Results tagged ‘ Brewers Farm System ’
Earlier on Wednesday, I had a chance to talk with Timber Rattlers manager Matt Erickson about instructional league, his time on the Brewers coaching staff at the end of the Brewers season, baseball playoffs, and what is ahead for him.
Here is the result:
This post isn’t about looking at how former Timber Rattlers have done in various leagues around baseball. Instead, this one is about former Timber Rattlers participating in the 2016 Arizona Fall League, which happens to open today.
The Milwaukee Brewers will have their prospects on the Salt River Rafters this season. The first familiar name that catches my eye on that roster page is former Timber Rattlers pitching coach David Chavarria, who is on the Rafters staff after a tough year with Brevard County.
The former Rattlers playing for the Rafters this season are:
The Brewers also have two other prospects set to play of the Rafters. They are: catcher Jacob Nottingham and outfielder Brett Phillips.
Salt River hosts the Peoria Javelinas tonight with a scheduled start time of 7:35pm CDT.
The Javelinas have former Timber Rattlers pitcher Barrett Astin on their roster.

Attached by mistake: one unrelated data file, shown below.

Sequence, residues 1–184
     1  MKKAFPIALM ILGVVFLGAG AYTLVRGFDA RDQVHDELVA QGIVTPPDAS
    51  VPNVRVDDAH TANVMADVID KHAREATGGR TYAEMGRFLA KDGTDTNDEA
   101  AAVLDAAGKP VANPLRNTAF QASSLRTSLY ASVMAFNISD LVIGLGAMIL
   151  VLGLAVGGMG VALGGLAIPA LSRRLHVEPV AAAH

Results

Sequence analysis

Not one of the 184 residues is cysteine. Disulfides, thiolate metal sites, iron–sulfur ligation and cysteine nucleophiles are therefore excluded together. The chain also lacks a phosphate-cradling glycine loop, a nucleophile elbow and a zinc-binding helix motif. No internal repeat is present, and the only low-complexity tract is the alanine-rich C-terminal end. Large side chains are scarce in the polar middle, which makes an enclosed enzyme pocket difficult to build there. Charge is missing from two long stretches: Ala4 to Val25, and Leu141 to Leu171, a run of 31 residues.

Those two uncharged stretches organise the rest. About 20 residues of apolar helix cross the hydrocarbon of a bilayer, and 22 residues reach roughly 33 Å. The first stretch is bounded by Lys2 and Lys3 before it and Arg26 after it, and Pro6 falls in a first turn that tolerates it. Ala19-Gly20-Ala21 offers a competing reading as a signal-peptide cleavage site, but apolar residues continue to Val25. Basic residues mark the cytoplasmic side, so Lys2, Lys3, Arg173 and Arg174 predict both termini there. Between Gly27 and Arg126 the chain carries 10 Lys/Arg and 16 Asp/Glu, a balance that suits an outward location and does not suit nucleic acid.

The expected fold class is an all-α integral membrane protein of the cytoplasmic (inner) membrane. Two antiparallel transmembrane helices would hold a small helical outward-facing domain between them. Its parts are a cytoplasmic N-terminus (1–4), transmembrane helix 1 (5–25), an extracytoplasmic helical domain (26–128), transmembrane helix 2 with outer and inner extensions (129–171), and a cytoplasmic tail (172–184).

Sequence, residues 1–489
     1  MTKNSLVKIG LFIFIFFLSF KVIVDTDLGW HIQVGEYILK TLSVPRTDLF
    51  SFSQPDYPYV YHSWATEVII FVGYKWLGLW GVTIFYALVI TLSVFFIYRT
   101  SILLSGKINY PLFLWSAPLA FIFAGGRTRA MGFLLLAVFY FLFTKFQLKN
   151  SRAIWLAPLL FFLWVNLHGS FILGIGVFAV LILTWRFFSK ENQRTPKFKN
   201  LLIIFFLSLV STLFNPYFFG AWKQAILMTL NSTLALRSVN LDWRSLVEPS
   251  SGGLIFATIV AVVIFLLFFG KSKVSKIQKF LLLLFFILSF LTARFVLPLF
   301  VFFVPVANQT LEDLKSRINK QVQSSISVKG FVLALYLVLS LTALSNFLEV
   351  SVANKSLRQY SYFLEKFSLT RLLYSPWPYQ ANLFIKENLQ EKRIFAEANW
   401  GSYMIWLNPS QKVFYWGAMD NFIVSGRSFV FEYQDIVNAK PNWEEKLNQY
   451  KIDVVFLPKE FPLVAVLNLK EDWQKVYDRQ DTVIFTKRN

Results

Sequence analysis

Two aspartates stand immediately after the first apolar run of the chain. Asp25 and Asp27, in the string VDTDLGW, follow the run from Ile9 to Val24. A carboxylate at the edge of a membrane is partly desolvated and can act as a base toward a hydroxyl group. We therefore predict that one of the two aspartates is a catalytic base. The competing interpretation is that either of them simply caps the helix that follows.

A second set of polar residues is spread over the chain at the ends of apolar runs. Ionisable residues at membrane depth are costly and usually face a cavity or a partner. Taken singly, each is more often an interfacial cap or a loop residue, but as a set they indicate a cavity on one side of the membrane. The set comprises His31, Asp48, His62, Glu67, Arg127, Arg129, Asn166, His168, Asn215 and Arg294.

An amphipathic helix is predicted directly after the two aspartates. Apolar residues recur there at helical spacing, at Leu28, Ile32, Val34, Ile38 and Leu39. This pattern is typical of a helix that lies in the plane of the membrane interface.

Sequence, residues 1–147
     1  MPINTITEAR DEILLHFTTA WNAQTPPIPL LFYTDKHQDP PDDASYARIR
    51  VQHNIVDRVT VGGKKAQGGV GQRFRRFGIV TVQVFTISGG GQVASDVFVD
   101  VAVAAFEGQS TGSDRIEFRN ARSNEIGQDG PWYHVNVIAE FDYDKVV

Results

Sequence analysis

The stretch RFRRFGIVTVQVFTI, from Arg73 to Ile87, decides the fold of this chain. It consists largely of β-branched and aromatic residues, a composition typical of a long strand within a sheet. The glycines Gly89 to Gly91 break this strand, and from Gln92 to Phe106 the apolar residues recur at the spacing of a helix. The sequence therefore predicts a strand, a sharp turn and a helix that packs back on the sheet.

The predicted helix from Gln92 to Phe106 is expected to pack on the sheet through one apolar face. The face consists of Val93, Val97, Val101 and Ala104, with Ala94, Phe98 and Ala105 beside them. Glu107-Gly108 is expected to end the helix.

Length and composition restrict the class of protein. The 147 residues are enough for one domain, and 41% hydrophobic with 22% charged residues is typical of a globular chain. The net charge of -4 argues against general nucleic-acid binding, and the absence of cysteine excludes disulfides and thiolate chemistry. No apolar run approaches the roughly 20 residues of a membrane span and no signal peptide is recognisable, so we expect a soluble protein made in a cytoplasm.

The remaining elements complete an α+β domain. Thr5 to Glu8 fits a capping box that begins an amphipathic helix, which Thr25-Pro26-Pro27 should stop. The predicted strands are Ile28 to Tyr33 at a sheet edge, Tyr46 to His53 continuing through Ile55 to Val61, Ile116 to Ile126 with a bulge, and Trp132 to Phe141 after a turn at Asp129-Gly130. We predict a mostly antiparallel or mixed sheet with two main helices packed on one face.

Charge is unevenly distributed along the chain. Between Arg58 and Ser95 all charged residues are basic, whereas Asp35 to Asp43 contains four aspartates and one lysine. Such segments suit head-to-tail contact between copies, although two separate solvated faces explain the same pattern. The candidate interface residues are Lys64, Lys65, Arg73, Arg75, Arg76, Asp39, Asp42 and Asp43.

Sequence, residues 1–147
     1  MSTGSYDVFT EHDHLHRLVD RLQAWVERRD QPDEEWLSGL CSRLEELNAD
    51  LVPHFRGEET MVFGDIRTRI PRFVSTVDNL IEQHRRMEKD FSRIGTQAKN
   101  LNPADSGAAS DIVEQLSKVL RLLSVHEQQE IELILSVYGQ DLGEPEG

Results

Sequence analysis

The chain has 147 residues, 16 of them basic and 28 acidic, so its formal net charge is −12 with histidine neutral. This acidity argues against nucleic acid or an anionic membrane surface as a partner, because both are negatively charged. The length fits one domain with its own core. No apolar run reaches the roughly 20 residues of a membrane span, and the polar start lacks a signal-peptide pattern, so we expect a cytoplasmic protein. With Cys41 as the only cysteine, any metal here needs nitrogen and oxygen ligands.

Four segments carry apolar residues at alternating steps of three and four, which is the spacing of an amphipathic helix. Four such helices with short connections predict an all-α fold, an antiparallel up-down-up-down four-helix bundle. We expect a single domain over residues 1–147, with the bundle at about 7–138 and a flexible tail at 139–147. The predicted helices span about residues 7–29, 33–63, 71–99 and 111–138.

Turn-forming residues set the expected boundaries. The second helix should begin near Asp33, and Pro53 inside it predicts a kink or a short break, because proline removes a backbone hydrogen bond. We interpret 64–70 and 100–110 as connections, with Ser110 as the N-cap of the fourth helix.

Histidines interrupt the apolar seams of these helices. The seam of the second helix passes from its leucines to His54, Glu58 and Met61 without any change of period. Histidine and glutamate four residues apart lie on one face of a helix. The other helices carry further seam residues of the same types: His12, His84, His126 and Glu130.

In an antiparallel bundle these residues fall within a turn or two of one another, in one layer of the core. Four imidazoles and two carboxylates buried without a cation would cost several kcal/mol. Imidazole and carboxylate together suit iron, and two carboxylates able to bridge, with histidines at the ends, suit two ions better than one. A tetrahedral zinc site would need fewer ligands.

We will check on the progress of these former Timber Rattlers from time to time throughout their season.
Kyle Lobner & I got together to record the final podcast of this offseason.
The main topic this week is his latest Frosty Microbrew on the main website, which is about Trey Supak, David Denson, & the changes in the Brewers organization.
We also discussed the state of the field after the renovation. Despite all the rain, there is no standing water on the grass. Here’s a picture:
Here’s the podcast:
Baseball America released their Organizational Talent Rankings for the 2016 season on Thursday.
The Brewers checked in at #9.
- Los Angeles Dodgers
- Houston Astros
- Atlanta Braves
- Boston Red Sox
- Washington Nationals
- Colorado Rockies
- Texas Rangers
- Philadelphia Phillies
- Milwaukee Brewers
- Minnesota Twins
The reasoning for the Brewers being placed at #9 is behind the paywall. To summarize: The Brewers have put together consecutive intriguing drafts and improved their international program. The best stocked position in the minors is centerfield. The breakout candidate among minor leaguers is pitcher Josh Hader.
The link at the top shows where all of the teams have rated over the five years prior to 2016. The Brewers system (as rated by Baseball America) since 2011:
On the rise!
MLB Pipeline is working their way up to their top 100 prospects by releasing the top 10 prospects at each position. Last night they unveiled their Top 10 Shortstop Prospects and former Timber Rattler Orlando Arcia is rated #3.
From Jim Callis: